USCIS Reaches H2-B Cap For Seasonal Workers for 2016

By Peek & Toland on July 13, 2016

Employers in Texas and elsewhere apply for H-2B seasonal visas when they want to bring over non-agricultural temporary workers from overseas to fill short-term vacancies.  There is a cap on these visas, and it was recently reached, according to immigration services.

Last month, USCIS announced it had reached the sufficient number of petitions for the visas it required to reach the cap for the 2016 fiscal year. May 12 was the final day for USCIS to receive applications for an employment date that started before October 1, 2016.

cap is reached for seasonal worker visas

construction workers

Although H-2B visas are limited to seasonal workers, they are highly sought after and there is usually more demand than visas available. It can be a fraught and complex process to apply for these visas as we describe here on our website.

Congress has set the cap on H-2B visas at 66,000 per fiscal year. It breaks down as 33,000 workers who start their jobs in the first half of the fiscal year (October 1 – March 31) and a further 33,000 for those who start working in the second half of the year (April 1 – September 30).

USCIS points out any visas that are unused during the first half of the fiscal year will be available later for employers seeking to hire H-2B workers during the second half of the fiscal year. Unused H-2B numbers do not carry over from year to year.

How Some Seasonal Petitions Are Exempt from the Cap

If you are applying for these kinds of petitions, they are exempt from the cap.

  • Workers who are certified and confirmed as “returning workers” who were previously counted against the annual H-2B cap in the fiscal years 2013, 2014 or 2015, for 2016 only.
  • Fish roe processors or others involved in fish roe processing such as technicians.
  • Current H-2B workers who are already in America and are petitioning to extend their stay:
  • Workers who are performing labor or other services in the Northern Mariana Islands or Guam from Nov. 28, 2009, to Dec. 31, 2019.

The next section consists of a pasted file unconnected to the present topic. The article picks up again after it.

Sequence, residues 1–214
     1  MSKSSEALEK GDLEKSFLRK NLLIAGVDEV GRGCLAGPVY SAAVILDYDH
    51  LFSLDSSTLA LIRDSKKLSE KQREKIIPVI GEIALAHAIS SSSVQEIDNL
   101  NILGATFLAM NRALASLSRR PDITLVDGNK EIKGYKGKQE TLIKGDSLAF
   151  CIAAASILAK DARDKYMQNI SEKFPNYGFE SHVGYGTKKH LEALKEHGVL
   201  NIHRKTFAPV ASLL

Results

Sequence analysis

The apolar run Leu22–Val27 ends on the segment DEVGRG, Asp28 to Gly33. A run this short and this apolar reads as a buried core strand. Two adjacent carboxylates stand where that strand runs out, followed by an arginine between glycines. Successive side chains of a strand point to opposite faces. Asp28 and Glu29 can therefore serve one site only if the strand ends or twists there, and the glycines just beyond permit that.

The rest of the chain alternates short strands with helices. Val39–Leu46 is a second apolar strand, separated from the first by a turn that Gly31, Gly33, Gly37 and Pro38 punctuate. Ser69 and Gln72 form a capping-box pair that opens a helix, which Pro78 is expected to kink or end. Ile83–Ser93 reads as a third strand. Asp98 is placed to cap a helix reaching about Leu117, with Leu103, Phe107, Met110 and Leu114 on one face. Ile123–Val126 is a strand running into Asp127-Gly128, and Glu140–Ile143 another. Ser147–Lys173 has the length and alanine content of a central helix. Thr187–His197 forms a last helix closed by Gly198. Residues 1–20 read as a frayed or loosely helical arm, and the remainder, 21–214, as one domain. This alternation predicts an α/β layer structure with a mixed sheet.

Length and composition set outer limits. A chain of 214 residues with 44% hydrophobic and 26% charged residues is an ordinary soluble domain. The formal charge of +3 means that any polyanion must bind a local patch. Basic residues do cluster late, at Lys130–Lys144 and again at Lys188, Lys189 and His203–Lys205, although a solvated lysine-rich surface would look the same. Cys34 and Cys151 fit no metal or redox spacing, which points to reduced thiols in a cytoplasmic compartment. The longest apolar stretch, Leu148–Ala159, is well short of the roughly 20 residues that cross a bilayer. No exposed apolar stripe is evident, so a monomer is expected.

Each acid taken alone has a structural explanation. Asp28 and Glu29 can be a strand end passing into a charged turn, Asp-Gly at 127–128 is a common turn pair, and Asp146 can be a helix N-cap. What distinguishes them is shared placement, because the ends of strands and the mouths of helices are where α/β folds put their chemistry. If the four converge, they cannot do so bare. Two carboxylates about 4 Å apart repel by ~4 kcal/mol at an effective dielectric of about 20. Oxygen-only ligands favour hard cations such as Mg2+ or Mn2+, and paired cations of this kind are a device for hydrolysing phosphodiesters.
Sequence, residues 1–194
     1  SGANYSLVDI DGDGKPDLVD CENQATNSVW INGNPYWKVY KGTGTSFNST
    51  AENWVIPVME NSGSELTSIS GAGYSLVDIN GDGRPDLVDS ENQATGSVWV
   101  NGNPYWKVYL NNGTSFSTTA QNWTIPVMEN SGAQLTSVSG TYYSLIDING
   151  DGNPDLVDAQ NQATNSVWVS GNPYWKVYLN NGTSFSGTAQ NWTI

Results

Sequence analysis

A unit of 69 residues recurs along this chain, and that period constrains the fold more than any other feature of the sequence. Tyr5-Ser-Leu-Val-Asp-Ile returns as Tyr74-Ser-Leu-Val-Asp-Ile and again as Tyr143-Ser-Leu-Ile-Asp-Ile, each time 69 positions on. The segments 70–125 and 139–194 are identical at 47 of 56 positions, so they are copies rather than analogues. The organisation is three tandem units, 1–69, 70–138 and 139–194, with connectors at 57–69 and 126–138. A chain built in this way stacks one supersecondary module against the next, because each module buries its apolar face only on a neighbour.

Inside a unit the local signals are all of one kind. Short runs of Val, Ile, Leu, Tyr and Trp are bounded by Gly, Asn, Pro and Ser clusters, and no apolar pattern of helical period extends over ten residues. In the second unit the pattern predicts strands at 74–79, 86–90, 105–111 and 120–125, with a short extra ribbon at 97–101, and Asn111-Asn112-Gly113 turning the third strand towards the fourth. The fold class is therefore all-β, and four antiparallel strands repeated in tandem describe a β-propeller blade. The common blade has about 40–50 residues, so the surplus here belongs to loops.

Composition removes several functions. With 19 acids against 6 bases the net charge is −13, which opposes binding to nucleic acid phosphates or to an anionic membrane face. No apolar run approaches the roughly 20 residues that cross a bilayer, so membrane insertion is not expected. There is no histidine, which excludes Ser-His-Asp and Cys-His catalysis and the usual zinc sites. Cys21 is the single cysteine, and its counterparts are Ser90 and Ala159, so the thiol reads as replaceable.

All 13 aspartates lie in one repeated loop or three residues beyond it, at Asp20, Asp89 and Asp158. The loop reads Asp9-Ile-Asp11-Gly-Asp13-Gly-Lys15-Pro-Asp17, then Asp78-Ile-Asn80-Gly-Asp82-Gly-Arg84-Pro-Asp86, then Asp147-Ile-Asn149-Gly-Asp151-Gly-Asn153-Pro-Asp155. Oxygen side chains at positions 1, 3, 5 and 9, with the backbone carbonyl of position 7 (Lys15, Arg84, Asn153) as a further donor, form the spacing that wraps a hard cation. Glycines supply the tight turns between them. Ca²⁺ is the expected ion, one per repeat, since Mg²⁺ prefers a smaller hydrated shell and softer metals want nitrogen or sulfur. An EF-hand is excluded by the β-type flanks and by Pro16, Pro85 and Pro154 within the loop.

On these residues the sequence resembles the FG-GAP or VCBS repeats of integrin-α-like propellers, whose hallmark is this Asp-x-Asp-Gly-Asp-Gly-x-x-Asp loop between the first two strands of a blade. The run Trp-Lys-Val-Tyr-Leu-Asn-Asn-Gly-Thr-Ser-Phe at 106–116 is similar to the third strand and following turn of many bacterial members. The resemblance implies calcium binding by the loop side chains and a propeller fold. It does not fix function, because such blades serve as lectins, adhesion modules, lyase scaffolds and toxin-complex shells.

H-2B returning workers should complete the H-2B Returning Worker Certification to avoid further delays in processing.

H-2B Petitions for Fiscal Year 2017

USCIS will consider H-2B petitions for a work start date on or after October 1, 2016, towards the FY 2017 H-2B cap.  These petitions will be subject to the cap.

At Peek and Toland, PLLC, helping companies and individuals to negotiate the difficult visa application process is an integral part of our work. Please read more about visa applications here and complete the form on the page to contact us.

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Citizenship and Immigration Services Reaches Statutory Cap for H-1B Visas

By Peek & Toland on May 24, 2016

It didn’t take USCIS long to reach the statutory cap for H-1B visas. The season opened on April 1 and the statutory cap of 65,000 visas had been reached by April 7.

U.S. Citizenship and Immigration Services stated it had received enough H-1B petitions which included regular as well as advanced degree cases to reach the statutory cap for the financial year 2017 (10/1/2016 through 9/30/2017).

U.S. Citizenship and Immigration Services reaches the H1-B Visa cap

U.S. Citizenship and Immigration Services reaches the H1-B Visa cap

H-1B visas are for specialty occupation workers. The number of petitions has increased steadily in recent years as the country has come out of recession and more businesses have sought to bring in skilled workers from overseas.

What Happens Post Visa Cap?

The cap was met during the first week that employers could file their petitions for 2017. Over the next few weeks, U.S. Citizenship and Immigration Services will hold a lottery to find out which petitions will be chosen and which ones will be rejected.

The fact the cap has already been reached for FY 2017 means it’s not too early to be making preparations for FY 2018. Petitions may be submitted no earlier than April 1, 2017, for employees who would be hired on October 1, 2017.

To find out the preparations you should make for the H-1B cap season, follow this link.

Here are some of the important things you will need:

1 A foreign credential evaluation

If you are hoping to hire anyone with an education from an overseas institution, you will need a credential evaluation. The H-1B visa classification requires workers you are considering hiring from overseas to demonstrate that they have obtained the equivalent of a U.S. bachelor’s degree.

2 A Labor Conditional Application

A Labor Conditional Application (LCA) must be filed with the U.S. Department of Labor. This has to be obtained before you can file the H-1B petition with USCIS. You should be aware that it can take as long as three weeks to process an LCA.

3 Completed Salary Negotiations

There is a requirement under the LCA that the employer in the United States certifies that the overseas H-1B applicant is to be paid the prevailing wage, as set out by the Department of Labor. Serious delays can occur in the course of salary negotiations between the prospective employee and the U.S. employer.

At Peek & Toland , we are well aware of the difficulties inherent in visa applications and the delays and pitfalls of dealing with federal agencies. Our attorneys are experienced in dealing with all of the potential setbacks and are ready to answer any questions you may have about visas. To arrange a consultation, call us at (512) 474-4445.


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